There are many factors to consider before laying a brick path. The path's width, whether to make it straight or curved and what type of bricks to use are three of the main considerations. A brick pathway is one of the simplest types of paths to lay. Bricks are easy to work with and come in a variety of colours. Take your time establishing the base for the bricks to lie on. This will keep them level and in place for years to come.
- Skill level:
Things you need
- Garden hose or spray paint
- Metal garden rake
- Plate compactor
- Wooden stakes
- Tape measure
- Wet saw
Mark the brick path's edges using garden hoses or spray paint. Complete this step about one week before starting the project. Walk along this path often to see if the width and shape work for you.
Remove the dirt inside the marked edges with a shovel. Dig down at least 8 inches. Lay a level across the path in different locations to verify that it is flat.
Spread a 3-inch layer of pack over the dugout path with a metal garden rake. Pack, which consists of 3/4-inch stones and ground stone dust, helps the path to maintain its shape. Tamp the pack down using a plate compactor. You can rent one at your local hardware store.
Determine the brick path's ideal height. Hammer wooden stakes into the ground at the path's start, centre and end. Tie a string around the stake in the path's start. Position the string to the path's desired height. Loop the string around the stake a few times, then run it to the centre stake. Loop the string around the centre stake at the path's desired height and run it to the stake at the path's end. Loop the string around the last stake at the path's desired height.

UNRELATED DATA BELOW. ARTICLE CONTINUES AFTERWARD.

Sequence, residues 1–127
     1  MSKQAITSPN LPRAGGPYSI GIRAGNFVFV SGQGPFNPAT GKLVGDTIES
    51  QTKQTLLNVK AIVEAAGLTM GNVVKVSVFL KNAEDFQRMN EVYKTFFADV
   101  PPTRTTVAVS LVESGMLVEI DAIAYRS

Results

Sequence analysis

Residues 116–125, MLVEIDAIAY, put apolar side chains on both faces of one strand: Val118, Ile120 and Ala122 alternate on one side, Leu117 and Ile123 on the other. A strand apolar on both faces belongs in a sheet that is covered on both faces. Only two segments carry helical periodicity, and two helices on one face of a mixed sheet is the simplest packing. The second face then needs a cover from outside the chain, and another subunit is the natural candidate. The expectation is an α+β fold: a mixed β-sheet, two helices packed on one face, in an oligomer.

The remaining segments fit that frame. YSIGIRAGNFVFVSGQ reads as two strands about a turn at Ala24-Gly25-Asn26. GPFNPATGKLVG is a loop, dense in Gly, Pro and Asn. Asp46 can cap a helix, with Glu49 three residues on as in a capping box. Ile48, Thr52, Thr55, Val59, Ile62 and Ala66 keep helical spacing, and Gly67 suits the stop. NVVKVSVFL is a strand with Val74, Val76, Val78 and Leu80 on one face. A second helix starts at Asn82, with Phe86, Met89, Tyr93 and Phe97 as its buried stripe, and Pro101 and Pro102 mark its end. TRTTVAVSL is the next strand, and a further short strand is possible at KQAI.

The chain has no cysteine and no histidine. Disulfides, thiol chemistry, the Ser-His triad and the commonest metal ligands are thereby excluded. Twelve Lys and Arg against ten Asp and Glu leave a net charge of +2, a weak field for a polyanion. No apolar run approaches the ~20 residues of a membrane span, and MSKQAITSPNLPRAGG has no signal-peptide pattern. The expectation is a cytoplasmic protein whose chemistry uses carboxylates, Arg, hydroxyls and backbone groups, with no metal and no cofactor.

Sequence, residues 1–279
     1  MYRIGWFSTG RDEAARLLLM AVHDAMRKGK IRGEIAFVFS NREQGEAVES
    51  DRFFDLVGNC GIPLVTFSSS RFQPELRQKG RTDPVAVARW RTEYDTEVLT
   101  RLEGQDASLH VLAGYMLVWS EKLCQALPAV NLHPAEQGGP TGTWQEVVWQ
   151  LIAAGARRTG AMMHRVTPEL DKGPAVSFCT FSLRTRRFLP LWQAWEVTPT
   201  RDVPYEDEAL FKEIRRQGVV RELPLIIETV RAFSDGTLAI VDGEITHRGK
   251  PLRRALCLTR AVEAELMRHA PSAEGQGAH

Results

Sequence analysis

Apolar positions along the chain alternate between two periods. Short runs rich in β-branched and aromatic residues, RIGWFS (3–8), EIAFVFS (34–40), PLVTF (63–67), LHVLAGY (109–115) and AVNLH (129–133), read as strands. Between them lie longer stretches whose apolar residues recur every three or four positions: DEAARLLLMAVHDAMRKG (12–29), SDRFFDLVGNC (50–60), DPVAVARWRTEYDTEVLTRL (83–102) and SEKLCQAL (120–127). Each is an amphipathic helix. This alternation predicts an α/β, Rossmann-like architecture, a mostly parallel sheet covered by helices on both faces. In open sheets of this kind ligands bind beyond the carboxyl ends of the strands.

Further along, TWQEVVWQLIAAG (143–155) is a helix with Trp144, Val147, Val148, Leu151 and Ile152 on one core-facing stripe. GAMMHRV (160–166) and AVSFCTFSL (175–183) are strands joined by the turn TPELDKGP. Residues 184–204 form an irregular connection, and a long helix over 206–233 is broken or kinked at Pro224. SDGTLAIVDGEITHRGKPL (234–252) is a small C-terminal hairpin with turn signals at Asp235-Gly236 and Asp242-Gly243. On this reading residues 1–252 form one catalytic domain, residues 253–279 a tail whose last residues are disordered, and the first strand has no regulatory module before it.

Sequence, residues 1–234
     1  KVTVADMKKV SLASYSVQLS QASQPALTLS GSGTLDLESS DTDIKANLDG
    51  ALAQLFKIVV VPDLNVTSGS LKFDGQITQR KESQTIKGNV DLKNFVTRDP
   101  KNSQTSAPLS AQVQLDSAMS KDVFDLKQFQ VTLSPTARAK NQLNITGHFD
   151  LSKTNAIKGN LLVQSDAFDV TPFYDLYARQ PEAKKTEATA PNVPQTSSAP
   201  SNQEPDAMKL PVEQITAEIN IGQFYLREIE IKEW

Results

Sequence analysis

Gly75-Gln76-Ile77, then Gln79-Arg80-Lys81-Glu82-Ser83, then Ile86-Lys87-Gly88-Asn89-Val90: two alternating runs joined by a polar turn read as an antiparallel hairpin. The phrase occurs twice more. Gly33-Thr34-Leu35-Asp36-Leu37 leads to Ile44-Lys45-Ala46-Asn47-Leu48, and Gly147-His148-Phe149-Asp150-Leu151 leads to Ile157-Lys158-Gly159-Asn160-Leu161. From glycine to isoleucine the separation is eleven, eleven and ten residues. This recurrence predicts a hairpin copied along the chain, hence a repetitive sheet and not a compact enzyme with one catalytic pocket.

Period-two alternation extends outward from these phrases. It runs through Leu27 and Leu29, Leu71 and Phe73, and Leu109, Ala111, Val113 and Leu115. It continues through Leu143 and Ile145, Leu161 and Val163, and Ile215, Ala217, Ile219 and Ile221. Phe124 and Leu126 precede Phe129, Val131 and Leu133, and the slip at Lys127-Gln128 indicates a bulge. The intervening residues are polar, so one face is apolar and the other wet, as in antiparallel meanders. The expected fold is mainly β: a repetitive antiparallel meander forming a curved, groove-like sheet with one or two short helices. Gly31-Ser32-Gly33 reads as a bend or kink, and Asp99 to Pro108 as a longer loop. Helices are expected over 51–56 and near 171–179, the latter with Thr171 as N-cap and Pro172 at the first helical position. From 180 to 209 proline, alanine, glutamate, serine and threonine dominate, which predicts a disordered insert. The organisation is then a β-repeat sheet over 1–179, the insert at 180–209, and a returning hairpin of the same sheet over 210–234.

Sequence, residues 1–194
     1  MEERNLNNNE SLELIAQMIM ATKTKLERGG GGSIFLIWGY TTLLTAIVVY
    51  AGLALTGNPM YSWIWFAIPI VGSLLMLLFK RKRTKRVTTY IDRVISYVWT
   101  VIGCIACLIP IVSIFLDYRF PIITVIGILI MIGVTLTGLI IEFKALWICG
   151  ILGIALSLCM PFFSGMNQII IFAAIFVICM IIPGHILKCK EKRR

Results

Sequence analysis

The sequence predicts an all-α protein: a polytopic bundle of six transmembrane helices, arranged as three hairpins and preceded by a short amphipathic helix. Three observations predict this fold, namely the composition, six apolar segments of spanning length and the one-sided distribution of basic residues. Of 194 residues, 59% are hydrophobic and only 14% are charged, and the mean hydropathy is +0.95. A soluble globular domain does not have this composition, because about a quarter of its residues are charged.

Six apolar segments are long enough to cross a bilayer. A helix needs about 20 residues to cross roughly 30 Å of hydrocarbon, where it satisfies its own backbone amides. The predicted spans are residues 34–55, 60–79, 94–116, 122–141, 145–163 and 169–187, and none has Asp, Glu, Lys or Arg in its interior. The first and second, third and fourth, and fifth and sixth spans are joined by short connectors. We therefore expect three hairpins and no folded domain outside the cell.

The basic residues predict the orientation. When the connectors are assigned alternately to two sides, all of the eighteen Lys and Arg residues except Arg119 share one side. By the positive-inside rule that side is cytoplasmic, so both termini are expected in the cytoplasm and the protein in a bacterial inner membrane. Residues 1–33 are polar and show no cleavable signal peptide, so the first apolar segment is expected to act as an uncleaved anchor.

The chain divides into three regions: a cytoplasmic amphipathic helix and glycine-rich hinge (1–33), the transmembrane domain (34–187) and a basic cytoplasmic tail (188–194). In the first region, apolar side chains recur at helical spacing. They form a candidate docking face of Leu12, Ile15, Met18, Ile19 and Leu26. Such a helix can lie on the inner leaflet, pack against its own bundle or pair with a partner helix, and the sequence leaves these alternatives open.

Place a brick next to each stake. Measure the gap between the brick's surface and the looped string. This measurement tells you how many inches of sand you need to raise the bricks to the proper height.
Lay sand in the pathway and spread it to the appropriate depth using a metal rake. Run the plate compactor over the sand. Place a brick next to each stake to check the height. Add sand as needed. Remove the stakes. Begin laying the bricks on the path. Set the bricks straight down onto the sand instead of dragging them. Lay the bricks perpendicular to each other or in another pattern that appeals to you.
Cut the bricks in half with a wet saw to create a flat edge on the path's ends. If your path curves, place two bricks end-to-end following the curve. Measure the gap between the bricks. Transfer this measurement onto the brick entering the curve. Draw a line from this mark to the brick's corner to create a triangle. Use the wet saw to cut the triangle off the brick. Set the brick in place. The brick should now fit tightly against the other brick while still starting the curve.
Lay edging tightly against the brick path's edges to hold the bricks in place. Use an edging that fits underneath the bricks and has holes you can pound stakes through. Insert one stake through each hole and hammer it all the way down.
Pour sand onto the brick path's surface. Use a broom to sweep the sand along the path. Leave a 1/2-inch layer of sand on the bricks. Run the plate compactor over the path to set the bricks. Sweep the remaining sand off the path.
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